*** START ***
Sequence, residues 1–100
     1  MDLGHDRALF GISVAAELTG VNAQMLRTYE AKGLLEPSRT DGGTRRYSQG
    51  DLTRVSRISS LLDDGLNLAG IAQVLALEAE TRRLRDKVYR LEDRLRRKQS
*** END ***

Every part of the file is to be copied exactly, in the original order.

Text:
Sequence, residues 1–100
     1  MDLGHDRALF GISVAAELTG VNAQMLRTYE AKGLLEPSRT DGGTRRYSQG
    51  DLTRVSRISS LLDDGLNLAG IAQVLALEAE TRRLRDKVYR LEDRLRRKQS